Like I said, I'm sorry for you guys right now; no matter what happens, you're in for some bad times, and money may not necessarily insulate you.

9/10/2008 1:12 AM  
Blogger njdoc said...

Cunning Realist:

I believe you nailed it as to what is happening vis-a-vis the Wall Street Elites. These "bare knuckles" financiers with Ivy League pedigree, in reality, don't know how to run a business. But the system has been gamed to such a degree that no other outcome is possible. Everybody will get bailed out on the taxpayers tab! There is no outrage because they keep framing the debate in terms of "systemic risk" and "keeping mortgage rates low", but in reality it's about the oligarchs not losing money and power. There are only political solutions to this madness, but I am afraid that both parties are in absolute collusion with Wall Street to such a degree that this type of reform cannot take place. Only total collapse of the Anglo-Saxon debt-based finance system will FORCE change. Please don't hold your breath or allow your blood pressure to rise, these are just the facts on the ground. Our feudal lords just keep doubling up on their bets!

9/10/2008 7:50 AM  
Blogger Spider said...

I really wish the nightly network news shows would cover this in a way simple enough for the average American to understand. Basically they'd just have to say,

"So your taxes, which the politicians say can't go to funding schools and infrastructure or programs to help you get out of the 'hood, all went to bailing out the really rich investors of Wall Street, who make more in a year than you can dream about in a lifetime.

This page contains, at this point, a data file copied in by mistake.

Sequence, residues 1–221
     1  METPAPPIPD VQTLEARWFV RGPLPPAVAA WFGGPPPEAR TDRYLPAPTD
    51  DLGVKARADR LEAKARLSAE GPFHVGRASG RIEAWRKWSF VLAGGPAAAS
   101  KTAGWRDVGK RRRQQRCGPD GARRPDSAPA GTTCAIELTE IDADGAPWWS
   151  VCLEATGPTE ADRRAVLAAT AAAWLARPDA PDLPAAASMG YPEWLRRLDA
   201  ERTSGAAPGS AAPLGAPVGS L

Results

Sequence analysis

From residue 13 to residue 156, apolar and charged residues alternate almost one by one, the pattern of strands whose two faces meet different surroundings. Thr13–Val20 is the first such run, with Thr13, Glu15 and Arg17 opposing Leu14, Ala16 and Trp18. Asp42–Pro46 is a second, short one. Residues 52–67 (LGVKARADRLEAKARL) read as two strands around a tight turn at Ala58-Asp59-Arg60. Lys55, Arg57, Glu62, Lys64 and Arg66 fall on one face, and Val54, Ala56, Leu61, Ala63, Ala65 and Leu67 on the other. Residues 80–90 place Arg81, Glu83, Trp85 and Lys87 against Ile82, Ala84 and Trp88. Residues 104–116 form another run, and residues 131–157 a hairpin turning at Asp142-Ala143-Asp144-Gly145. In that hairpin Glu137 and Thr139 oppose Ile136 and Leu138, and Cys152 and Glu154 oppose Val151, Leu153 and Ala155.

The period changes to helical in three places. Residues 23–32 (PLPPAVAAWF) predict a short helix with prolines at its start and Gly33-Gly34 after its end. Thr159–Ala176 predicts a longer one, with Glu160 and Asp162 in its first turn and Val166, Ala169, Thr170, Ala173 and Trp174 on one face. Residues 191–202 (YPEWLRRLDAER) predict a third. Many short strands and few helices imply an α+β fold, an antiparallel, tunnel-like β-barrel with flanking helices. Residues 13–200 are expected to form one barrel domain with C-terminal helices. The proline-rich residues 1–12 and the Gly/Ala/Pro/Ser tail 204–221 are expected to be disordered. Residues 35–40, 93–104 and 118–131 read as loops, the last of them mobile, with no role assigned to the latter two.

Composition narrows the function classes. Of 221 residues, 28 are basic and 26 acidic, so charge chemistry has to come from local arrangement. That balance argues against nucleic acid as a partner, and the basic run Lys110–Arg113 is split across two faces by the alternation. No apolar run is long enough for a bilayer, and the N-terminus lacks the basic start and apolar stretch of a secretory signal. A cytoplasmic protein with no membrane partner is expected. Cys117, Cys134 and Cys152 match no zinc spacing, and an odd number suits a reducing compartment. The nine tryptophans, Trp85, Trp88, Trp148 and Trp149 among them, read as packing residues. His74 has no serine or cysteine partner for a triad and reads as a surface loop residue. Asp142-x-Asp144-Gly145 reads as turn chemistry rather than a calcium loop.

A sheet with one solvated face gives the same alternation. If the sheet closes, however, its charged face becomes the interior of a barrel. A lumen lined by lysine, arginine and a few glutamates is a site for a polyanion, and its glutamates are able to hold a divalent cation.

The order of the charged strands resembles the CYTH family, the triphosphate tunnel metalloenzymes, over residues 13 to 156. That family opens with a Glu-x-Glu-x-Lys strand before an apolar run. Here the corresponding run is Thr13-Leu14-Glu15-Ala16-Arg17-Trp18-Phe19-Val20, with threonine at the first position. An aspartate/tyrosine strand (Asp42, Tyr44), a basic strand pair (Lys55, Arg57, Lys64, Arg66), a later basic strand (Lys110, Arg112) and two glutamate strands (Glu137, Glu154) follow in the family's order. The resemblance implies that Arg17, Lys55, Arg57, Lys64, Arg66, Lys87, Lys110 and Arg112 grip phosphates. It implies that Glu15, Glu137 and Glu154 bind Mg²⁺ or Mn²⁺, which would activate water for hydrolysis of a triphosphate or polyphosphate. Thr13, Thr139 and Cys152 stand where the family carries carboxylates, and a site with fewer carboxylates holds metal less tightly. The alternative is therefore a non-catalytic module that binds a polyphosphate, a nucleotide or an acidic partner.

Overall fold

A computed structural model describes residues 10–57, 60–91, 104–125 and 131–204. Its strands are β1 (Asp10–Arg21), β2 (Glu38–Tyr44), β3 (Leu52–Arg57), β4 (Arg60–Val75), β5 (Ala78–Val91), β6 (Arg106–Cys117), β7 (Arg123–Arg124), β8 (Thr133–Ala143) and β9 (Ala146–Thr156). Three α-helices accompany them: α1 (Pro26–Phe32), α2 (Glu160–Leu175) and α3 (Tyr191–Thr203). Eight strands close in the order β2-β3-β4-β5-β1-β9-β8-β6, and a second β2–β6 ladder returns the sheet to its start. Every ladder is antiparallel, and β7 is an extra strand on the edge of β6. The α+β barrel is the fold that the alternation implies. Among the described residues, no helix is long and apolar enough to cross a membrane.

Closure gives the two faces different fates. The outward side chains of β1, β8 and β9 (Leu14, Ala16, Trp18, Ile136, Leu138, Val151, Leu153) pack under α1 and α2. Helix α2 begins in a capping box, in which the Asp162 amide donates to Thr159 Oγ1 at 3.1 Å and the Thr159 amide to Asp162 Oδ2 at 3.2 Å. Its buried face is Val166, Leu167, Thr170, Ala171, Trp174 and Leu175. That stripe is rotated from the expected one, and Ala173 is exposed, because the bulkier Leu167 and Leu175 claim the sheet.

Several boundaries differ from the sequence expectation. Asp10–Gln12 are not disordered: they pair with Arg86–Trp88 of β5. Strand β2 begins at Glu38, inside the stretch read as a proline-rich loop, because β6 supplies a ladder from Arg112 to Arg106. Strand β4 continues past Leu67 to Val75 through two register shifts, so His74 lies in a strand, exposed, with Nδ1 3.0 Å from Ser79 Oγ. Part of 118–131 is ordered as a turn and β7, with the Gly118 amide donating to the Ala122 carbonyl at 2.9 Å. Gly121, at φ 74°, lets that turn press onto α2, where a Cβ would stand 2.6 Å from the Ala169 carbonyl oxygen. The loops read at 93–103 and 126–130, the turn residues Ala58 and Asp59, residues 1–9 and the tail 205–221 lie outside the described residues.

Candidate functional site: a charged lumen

Hope you just enjoyed taking it up the ass without the common courtesy of a reach around!"


Stuff like this should be fodder for violent revolution. Too bad the masses are to ignorant to understand how bad they're being screwed. And if people like us tried to explain it to them we'd be met with blank stares of "Huh?"

9/10/2008 8:06 AM  
Anonymous Kilfarsnar said...

I have said it before and I'll say it again, there are no free-marketers in foxholes. When the music stops everyone wants a chair.

Spider, I agree, it would be great if the nightly news were actually informative. But they won't be because of the point you make at the end of your comment. The people must be ignorant if this shell game is to continue.

Honestly, that's what makes me fear the most for our society. Without honest news, how are people supposed to make informed decisions? All we hear are the stories that powerful people want told. If it weren't for the internet and sites like this one, I would not come across other viewpoints and information. And I still don't quite know what to believe. I don't see how this ends well.

9/10/2008 10:30 AM  
Anonymous Anonymous said...